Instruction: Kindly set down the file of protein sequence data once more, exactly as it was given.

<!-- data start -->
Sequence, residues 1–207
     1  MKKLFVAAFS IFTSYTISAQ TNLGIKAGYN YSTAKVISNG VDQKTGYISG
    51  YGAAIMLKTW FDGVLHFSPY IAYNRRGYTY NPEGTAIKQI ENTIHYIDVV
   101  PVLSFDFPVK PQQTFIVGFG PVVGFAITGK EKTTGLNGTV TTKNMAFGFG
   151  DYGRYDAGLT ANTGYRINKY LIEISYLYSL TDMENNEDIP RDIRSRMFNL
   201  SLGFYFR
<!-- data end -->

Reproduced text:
Sequence, residues 1–207
     1  MKKLFVAAFS IFTSYTISAQ TNLGIKAGYN YSTAKVISNG VDQKTGYISG
    51  YGAAIMLKTW FDGVLHFSPY IAYNRRGYTY NPEGTAIKQI ENTIHYIDVV
   101  PVLSFDFPVK PQQTFIVGFG PVVGFAITGK EKTTGLNGTV TTKNMAFGFG
   151  DYGRYDAGLT ANTGYRINKY LIEISYLYSL TDMENNEDIP RDIRSRMFNL
   201  SLGFYFR